The overhaul of the Volvo Ocean Race centred around the move to a one-design class, with the execution of the concept weighing heavily on project manager James Dadd. In this report for Seahorse magazine, Dadd reports on the first use of the VO65…
It is now over three years since Knut (Frostad, Volvo Race CEO) announced the bold move to strict one design racing for the Volvo Ocean Race, and nearly four months since the first such race concluded. Now is the time for reflection and future planning.
As the project manager of the VO65 fleet it was a challenge that I relished, and from which I have learned a great deal. As always with a project of this type and size there are things that you would do differently with hindsight. But now is not the time to look at that, now is the time to look at whether the move worked and what the next steps should be.
Over the course of this race I believe that the vision has been demonstrated as an overwhelming success, but have the boats lived up to that and what can we do to make them even better for the 2017-2018 edition?
The first, and most important element, is that this is not just a one design class, but a manufacturer controlled class, and that manufacturer is independent of the competitors and appointed by the Volvo Ocean Race. It is also the hope that there will be more boats on the line in 2017, so more have to be built.
Buying a new boat must not be seen as a necessity to be on the podium next race. So any updates we consider have to be applicable to the existing seven as well as any new boats in exactly the same way. For this reason we are considering building all of the new boats as per the originals, and then having a fleet-wide upgrade closer to the start of the next race.
So what would those upgrades be? That is yet to be confirmed, but we have some ideas that we are discussing. These upgrades fall into two categories; system tweaks and performance improvement. Some of the system tweaks are due to the simple fact that we didn’t have the time or resources available back in 2012 to build a prototype and get the best ocean racers in the world to test it for nine months.
We have had that chance now, so should use what we have learned. Thanks largely to the Volvo Boatyard, ran by Nick Bice, we have a huge amount of data and input on what worked and what didn’t. The great thing is that the top of the list items are heads-plumbing and the galley arrangement. In my view, if these are at the top of the list, we should be very happy with the original set up.
The next group is the performance upgrades. I have seen a great deal of discussion on forums about the boats being slow; though I personally don’t consider a 24-hour run at an average of 23 knots slow. We also have to consider that the weather systems that the fleet experienced this last race would not have produced any records had the fleet been VO70s either.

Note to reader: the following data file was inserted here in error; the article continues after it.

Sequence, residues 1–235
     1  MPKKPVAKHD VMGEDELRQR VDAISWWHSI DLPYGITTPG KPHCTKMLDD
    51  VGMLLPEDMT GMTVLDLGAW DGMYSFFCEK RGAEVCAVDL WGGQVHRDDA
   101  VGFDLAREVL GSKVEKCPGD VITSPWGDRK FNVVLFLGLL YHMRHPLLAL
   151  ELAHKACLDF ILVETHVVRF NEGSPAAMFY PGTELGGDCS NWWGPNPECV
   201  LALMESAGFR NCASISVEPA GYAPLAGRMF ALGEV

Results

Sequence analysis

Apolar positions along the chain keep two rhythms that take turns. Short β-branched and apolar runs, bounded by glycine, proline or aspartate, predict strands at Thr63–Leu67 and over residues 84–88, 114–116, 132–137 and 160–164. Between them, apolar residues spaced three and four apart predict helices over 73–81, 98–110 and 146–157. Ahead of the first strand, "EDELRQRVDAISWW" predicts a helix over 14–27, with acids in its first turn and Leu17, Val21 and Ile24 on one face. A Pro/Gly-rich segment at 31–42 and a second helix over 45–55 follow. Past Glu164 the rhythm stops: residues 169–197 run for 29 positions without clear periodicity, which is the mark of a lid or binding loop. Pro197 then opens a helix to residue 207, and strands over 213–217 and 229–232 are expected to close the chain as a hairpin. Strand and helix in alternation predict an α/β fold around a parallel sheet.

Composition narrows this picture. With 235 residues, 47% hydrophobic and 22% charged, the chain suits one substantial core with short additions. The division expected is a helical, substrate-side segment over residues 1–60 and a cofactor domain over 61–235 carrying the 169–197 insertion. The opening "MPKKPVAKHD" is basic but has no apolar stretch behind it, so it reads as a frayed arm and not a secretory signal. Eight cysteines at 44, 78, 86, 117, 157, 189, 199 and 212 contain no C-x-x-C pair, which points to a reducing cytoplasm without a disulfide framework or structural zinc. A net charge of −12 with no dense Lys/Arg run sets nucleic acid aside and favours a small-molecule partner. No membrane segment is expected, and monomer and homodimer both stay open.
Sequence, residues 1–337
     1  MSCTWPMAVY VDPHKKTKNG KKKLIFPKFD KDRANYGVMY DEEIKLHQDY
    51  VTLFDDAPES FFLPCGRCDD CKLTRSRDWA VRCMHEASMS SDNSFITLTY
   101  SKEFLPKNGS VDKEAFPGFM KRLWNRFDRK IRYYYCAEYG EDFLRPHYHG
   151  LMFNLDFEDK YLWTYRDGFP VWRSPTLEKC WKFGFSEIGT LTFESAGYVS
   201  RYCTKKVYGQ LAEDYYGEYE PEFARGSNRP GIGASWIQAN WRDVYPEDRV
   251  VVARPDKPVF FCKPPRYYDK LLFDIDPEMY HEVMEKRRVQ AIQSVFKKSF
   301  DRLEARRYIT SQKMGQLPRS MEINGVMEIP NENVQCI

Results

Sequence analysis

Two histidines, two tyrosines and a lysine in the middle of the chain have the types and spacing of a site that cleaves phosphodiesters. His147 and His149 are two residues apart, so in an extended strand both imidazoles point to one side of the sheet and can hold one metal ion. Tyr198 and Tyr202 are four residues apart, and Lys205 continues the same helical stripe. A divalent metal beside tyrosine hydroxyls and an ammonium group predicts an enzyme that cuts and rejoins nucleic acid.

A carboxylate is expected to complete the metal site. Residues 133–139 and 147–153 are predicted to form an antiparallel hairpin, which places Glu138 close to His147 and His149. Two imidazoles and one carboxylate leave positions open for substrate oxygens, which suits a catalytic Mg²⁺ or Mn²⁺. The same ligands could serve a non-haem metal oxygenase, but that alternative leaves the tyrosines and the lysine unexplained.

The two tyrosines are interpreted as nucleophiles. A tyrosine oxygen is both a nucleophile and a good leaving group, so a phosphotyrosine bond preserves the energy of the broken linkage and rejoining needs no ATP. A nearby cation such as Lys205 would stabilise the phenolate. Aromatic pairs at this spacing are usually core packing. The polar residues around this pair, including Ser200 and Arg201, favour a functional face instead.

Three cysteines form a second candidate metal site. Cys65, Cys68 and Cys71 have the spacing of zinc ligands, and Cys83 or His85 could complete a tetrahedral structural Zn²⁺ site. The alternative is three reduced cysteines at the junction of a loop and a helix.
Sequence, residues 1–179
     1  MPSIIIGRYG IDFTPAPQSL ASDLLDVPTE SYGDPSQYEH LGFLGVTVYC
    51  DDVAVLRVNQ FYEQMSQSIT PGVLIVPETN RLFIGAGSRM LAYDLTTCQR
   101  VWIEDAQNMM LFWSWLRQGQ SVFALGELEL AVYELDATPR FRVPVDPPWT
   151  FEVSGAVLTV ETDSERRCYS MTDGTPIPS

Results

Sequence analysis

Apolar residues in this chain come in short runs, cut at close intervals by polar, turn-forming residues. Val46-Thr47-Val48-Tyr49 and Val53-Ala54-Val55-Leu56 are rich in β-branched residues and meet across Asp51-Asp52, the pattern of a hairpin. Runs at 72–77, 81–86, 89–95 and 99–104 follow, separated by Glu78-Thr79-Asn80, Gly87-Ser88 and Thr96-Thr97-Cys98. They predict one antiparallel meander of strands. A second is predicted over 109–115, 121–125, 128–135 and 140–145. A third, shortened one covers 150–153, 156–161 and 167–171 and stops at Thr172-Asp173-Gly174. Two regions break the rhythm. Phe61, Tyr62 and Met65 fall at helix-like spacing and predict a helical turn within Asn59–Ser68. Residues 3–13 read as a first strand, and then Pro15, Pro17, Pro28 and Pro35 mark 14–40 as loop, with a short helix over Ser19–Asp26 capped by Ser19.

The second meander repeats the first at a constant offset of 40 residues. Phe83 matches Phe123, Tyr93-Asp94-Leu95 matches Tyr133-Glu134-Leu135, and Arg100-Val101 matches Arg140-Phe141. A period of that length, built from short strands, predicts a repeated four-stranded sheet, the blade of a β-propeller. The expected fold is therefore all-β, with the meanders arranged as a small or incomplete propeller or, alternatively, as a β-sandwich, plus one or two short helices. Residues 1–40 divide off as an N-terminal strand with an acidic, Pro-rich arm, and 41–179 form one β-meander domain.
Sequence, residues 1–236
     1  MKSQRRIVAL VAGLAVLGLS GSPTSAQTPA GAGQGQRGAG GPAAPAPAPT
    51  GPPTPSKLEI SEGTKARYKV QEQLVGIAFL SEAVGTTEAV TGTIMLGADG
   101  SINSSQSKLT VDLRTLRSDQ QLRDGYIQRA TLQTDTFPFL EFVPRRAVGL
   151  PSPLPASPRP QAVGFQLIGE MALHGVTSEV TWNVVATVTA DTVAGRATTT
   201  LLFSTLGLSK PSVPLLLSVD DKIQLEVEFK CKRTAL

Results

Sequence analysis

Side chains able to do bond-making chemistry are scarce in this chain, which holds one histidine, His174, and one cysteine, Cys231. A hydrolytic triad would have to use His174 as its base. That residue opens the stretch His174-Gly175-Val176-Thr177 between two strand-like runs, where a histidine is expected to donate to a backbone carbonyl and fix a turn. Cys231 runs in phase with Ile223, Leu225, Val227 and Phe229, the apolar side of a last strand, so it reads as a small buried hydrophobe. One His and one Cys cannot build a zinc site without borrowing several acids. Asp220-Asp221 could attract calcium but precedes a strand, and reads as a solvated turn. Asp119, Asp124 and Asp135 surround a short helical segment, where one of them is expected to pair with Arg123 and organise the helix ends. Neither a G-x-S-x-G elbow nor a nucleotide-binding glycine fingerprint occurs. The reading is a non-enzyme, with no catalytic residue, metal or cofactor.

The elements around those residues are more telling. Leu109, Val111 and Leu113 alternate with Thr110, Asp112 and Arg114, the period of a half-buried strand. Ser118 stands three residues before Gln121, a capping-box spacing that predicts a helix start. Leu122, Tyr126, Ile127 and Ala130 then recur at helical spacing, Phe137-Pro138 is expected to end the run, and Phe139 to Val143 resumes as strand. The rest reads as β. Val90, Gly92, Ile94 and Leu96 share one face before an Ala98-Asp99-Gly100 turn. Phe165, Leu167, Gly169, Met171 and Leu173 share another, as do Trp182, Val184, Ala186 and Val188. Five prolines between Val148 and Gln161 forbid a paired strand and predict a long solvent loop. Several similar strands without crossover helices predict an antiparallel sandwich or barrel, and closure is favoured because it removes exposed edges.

Yet the leg from Auckland to Itajai was still completed faster than last time, and it was a sailboat race the whole way. And I don’t know about you, but I also struggle to see the difference between 24 and 26 knots when watching via YouTube. So while the performance is important, it must not come at the cost of everything else. That is what has already been proven, so let’s move on.
The problem with performance upgrades is that they virtually all boil down to righting moment. Increase righting moment and it invariably means an increase in loads. In the last 12 months we have seen that the current safety factors are doing their job. Nico and crew stepped off onto a reef and other serious groundings have been experienced with minimal damage to structures.
The rigs have also seen loads that would suggest that increasing righting moment would require a wholesale rethink. Requiring a multi-million euro refit goes completely against the idea of the VO65 project and reducing the entry costs. As such, this list is short, and pretty much limited to learning from the first generation sails and making the kind of tweaks that you would expect to see in developing generation 2 sails and consumables that will be replaced by next race anyway.
There are however areas where system tweaks could also improve performance. With the constant improvements in communication equipment we are looking at streamlining much of the media equipment, improving connectivity, speed and reducing complexity and weight.
This might sound like a trivial gain, but when all is added up we could save several hundreds of kilos in weight, noticeable windage, and make the boats look better. This then goes further into hopefully reducing the fuel demands of this equipment, along with the general electronics package.
Doing all this will also hopefully allow us to look at alternative power sources. This could simplify systems, reduce heat build-up in the cabin and open up the space below to improve ergonomics. Plenty of gains there. But it could also reduce the all up weight of the boats.
Right now the aim is a weight reduction of 500kg in sailing weight condition. Not something I will be able to see on YouTube, but something that will bring all of the last crews back down the learning curve a distance, and allow new teams to make gains so that next race we have more boats and even closer competition.
NOTE: This column was re-published with permission from Seahorse magazine (September 2015). Information about Seahorse can be found HERE.